Pulaar Vocabulary: Anatomy

abdomen – réédu (ndu); abdominal – ko faati e  réédu ~ pain reedu muusooru.

back – keeci (ki); ɓaawo (ngo); caggal (ngal). ~ up wallude; heedande. I will back him up Ma mi wallu mo. talk behind someone’s ~ ñohde. come ~ artude; backache – kééci muusóówi I have a backache Mbeɗe wondi e keeci muusoowi; backbone – nooral (ngól).

cardiac – ko faati e ɓernde; cardiology – jangde ɓernde.

dental – ko faati e ñiiϒe/ñiire; dentist – doktoor ñiiϒe.

ear – nofru (ndu). I am all ears Mbeɗe heɗi maa.

face – yeeso (ngo). side of the ~ hanawere. make a ~ ŋooɓde. face to face kuccondiral (ngal).

gastric – ko faati é réédu; gastrology – jangde mbaadi e ñabbuuli réédu.

hand – jungo (ngo). from ~ to ~ jungo e jungo; hand v. – tottude; rókkude. Hand it over to me Heɓnam ɗum.

intestine – téktékól (ngól); intestinal – ko faati é téktékól.

jaw – golgolal (ngal); gabgal (ngal).

knee – hofru (ndu). Down on your knees Dicco; kneecap – tumude hófru.

leg – koyngal (ngal); cakutal (ngal). lower ~ korlal (ngal). Pull someone’s ~ fuuntude; gaajaade.

mouth – hunuko (ko). Open your mouth Muɓɓit hunuko maa; mouthful – wooɓre (nde); longere (nde).

nasal – ko faati e hinere.

ophthalmic (of the eye) – ko faati e gite/yitere; ophthalmologist – cafroowo gite.

penis – soolde (nde); kaake gorko.

rectum – ɓaawo (ngo).

shin – korlal (ngal).

teeth – ñiiϒe (ɗe). remove one’s ~ solde ñiiϒe mum; teethe – fuɗde ñiiϒe.

uvula – ɗakañe (o).

vagina – fii (o); sedere (nde); kóttu (ngu); melde (nde); vaginal – ko faati e kaake debbo.

waist – dadorde (nde); nadorde (nde); waistline – duhorde (nde); duhórgól (ngól); nadornde (nde).


Source: Pulaar-English Standard Dictionary, Dr. Mamadou Niang.

Wolof Vocabulary: Pronouns

I – maan
me – ma
my – suma
mine – suma
you – yow
your – seen
yours – seen
he – ñoom
she –  ñoom
it – ñoom
him – ñoom
her – ñoom
his – ñoom
hers – ñoom
its – ñoom
their – ñoom
theirs – ñoom

Wolof Grammar: Describing People and Things


Mouse over individual Wolof words for definitions.


Naka la mel?What is he/she/it like?

This question can refer to both physical and moral descriptions.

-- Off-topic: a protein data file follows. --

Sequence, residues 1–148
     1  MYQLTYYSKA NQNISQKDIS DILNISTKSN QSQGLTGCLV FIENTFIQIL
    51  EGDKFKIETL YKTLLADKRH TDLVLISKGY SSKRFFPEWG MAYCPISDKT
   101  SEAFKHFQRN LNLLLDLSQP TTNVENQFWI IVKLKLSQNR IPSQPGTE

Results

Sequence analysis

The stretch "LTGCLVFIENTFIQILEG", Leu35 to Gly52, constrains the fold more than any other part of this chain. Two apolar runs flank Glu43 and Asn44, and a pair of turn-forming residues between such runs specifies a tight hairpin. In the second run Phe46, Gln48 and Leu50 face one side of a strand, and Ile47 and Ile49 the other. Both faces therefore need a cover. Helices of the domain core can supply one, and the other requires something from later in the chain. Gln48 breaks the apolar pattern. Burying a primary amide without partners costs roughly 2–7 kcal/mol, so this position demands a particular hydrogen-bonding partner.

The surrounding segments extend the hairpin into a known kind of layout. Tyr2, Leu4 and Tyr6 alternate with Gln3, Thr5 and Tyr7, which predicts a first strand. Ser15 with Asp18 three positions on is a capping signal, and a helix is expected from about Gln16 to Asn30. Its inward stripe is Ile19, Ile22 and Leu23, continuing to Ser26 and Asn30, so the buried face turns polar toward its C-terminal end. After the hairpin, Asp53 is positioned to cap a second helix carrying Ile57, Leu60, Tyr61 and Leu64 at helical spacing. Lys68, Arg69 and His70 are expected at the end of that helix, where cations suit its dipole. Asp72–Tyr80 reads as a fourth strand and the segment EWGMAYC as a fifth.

The term dafa is usually used to answer this question:

Dafa njool.He/she is tall.
Suma xarit bi dafa em.My friend is medium sized.
Kër gi dafa réy.The compound (home) is big.


For plurality you can use deñu:

Deñu gaata.They/we are short.


You can also substitute dafa with a relative pronoun:

Dafa njool./Ku njool la.He/she is tall./He is a tall person.


For deñu:

Deñu gaata./Ñu gaata leñu.They are short.


Source: Wollof Grammar Manual, Peace Corps, The Gambia.

Wolof – Religion and Expressive Culture

A short document on the Wolof culture. I think this might apply more to rural regions as this is not exactly my experience in Senegal, which was primarily in urban areas, although there were definitely elements. A nice plus is that it gives us a handful of new words to add to our Wolof vocabulary.

Wolof – Religion and Expressive Culture


jinn – malevolent spirits (Arabic, similar to ‘demons’)
taalibé – a disciple (usually young boys in the service of a marabout)
seriñ (marabout) – a religious leader
mnqaddam – a type of marabout
yélimaan – imam (a Muslim leader, like a priest or a preacher)
jabarkat – shaman; sorcerer
lu gakat – a shaman who cures snakebite victims
ndëpukat – usually a female, who performs the ndëp ceremony to cure the mentally ill
botai mbar – man in charge of newly circumcised boys
Korité – the feast at the end of Ramadan
Tabaski – the feast of the sacrifice of sheep (from the Biblical story of Abraham)
nggentée – naming ceremony
xalam – a type of guitar

Film en langue Wolof (English subtitles) avec Kadi Jolie